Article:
Ah, lovely Nurse Anita, it wasn’t your fault that I woke up on Friday morning with one side of my face swollen up like I’d been punched.

And it wasn’t your fault that the swelling…erm…swelled over the course of the day to incorporate my ear and eye, nor that my fever spiked and sent me (more) doolally.

It wasn’t your fault that it was also my youngest’s birthday and I spent it first at the GP and then, by Saturday afternoon, in A&E.

It wasn’t your fault, lovely Nurse Anita, that the A&E department at 3pm on a Saturday afternoon, resembled a war zone, filled with sick people left to wait it out on the floor, with sick bowls full of sick left to linger and be accidentally kicked over, with bloody tissues and swabs and empty bottles and cups and food wrappers and papers piling up under chairs and in corners, nobody’s responsibility, nobody’s department to take pride in, no budget set aside for a cleaner.

It wasn’t your fault that the nice fella at the check-in desk warned me the wait would be very long as I cast around for a place to sit, nor that when I found a chair with only one bowl of vomit to move and a pile of bloody cotton wool, the woman opposite told me she’d been there since 9am.

It wasn’t your fault that when my fever spiked again in the waiting room and the triage nurse said she’d try to find me somewhere to lie down, there was nowhere to lie down, nor that when another nurse inserted a cannula in my arm in readiness for the drip he knew I would need, I was sent back to the waiting room to sit for a further three hours, with no treatment.

It wasn’t your fault that when a doctor finally called my name I was too delirious to hear it until she shouted very loudly, nor that she queried meningitis which made me cry ALOT in shock as a nurse pumped antibiotics and paracetamol into my arm while a lovely specialist said he thought not meningitis YET but a deep flesh infection which needed me to be admitted promptly for intravenous antibiotics, morphine, steroids and “lots of rest and food and drink.”

Nurse Anita, this when I knew that A&E may have been hellish, but I was soon to be enveloped in the loving arms of my NHS and MORPHINE. Everything was going to be ok.

It wasn’t your fault that when the porter came to take me to the ward, he couldn’t find a wheelchair so I had to walk, nor that it didn’t occur to him to offer to help with my bag even though I could barely walk, nor that he was just a young fella on a zero-hours contract with no training or job security (I know coz I asked), nor that when we arrived at the ward, it turned out not to be a ward but another waiting room with chairs rammed tightly together, each filled with a very poorly person and where I spent a further SEVEN hours without treatment.

It wasn’t your fault, Nurse Anita, that the staff in this ‘admissions suite’ hadn’t read their copy of the NHS constitution which sets out six core values: compassion, dignity, respect, consideration, empathy and pride. I’m not sure they’d even received basic training. They treated our requests for water with rolling eyes and when I asked if the elderly lady next to me who was in excruciating pain might be offered a blanket I was told: ‘this is not a ward.’ As if we didn’t know.

It wasn’t your fault that after five hours on a chair I tearfully mentioned to a nurse that I was worried my treatment hadn’t been started yet and after an hour, she begrudgingly instructed me to lie on the only bed in the unit, in front of all the other waiters, where I was put on a drip and given steroids and MORPHINE AT LAST as I shivered under my coat (no blankets, remember).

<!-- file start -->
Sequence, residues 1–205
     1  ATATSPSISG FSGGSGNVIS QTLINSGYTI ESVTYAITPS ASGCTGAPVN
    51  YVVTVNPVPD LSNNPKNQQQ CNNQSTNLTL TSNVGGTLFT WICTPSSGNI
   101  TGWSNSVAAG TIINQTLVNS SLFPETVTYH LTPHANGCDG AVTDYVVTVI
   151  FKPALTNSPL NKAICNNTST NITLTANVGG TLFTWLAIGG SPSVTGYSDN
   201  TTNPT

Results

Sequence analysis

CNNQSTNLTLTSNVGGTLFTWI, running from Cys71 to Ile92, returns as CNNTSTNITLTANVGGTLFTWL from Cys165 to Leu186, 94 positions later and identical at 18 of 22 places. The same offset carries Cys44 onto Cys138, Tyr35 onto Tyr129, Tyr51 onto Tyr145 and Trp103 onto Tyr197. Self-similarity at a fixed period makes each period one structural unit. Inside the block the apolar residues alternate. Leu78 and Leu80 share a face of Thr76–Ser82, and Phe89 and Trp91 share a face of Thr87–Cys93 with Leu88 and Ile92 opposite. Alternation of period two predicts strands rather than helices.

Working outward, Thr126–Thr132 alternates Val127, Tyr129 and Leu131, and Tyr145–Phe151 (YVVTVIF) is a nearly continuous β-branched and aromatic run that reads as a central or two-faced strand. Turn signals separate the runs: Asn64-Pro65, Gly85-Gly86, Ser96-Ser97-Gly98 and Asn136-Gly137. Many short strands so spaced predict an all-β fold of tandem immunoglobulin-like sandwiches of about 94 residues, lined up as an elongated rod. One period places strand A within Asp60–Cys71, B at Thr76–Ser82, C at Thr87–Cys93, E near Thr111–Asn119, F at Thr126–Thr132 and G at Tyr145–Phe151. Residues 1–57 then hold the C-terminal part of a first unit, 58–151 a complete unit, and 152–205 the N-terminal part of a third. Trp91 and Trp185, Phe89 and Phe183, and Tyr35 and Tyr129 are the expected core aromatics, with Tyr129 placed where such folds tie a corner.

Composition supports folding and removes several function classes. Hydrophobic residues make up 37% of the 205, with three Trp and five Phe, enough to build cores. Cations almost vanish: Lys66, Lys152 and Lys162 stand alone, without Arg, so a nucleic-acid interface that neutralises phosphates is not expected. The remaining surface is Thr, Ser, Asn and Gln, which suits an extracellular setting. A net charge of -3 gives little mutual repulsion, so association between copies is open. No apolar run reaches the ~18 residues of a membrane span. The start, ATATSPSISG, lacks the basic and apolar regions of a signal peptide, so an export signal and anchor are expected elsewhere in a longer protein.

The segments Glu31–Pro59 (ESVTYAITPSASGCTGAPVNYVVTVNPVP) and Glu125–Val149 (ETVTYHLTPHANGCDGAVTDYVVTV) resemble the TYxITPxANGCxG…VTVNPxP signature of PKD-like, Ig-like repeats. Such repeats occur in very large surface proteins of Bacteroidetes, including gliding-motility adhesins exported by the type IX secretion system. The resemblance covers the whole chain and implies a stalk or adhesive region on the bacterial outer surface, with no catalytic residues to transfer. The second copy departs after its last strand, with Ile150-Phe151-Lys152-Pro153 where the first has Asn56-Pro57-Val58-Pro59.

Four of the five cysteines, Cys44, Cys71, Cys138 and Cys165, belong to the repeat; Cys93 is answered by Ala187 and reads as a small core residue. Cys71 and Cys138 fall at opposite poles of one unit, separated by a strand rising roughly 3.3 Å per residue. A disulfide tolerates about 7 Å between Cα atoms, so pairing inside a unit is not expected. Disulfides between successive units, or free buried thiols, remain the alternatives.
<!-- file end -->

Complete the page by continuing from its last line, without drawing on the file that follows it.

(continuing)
Lovely nurse Anita, it wasn’t your fault, that the only bed they could find for me two hours later at 3am, twelve hours after I arrived in A&E, was on a vascular ward where women were recovering from amputations and crying out in pain all night so that sleep was impossible and I found my own tears kept coming until, at 6am, in you walked.

You came to me with your wonderful face, your sensational smile, asking how I was feeling and did I need an extra blanket and hang on, let’s get you some toast and you’re late for your next dose of meds I’ll get that sorted PRONTO and for the next fourteen hours of what should have been a nine hour shift, you were kind and efficient and missed all your breaks and stroked arms and reassured and organised doctors and made sure everyone was eating and when finally, you had to leave, you came to say you were sorry that I should have been discharged at 7pm because you’d organised my prescription personally and chased it three times and you knew, though you didn’t say, that I would have to take up that bed for a further FOUR unnecessary hours while I waited for medication, four hours where someone else had to wait in that hateful ‘admissions suite’.

My lovely Nurse Anita, you aren’t even a qualified nurse. You’re a healthcare practitioner which means you’re paid minimum wage, maybe a bit more, maybe not enough to feed your family. You won’t be paid for the extra five hours you worked because you weren’t asked to work them, you stayed because you chose to, because the only thing which is your fault in this sorry tale of mine, is that somehow, by some miracle of humanity, you still CARE.

Anyway, the main thing is that at least our current ‘strong and stable’ government hit their target of technically getting me out of A&E in under four hours.

Well done Jeremy Hunt.

Keep up the good work.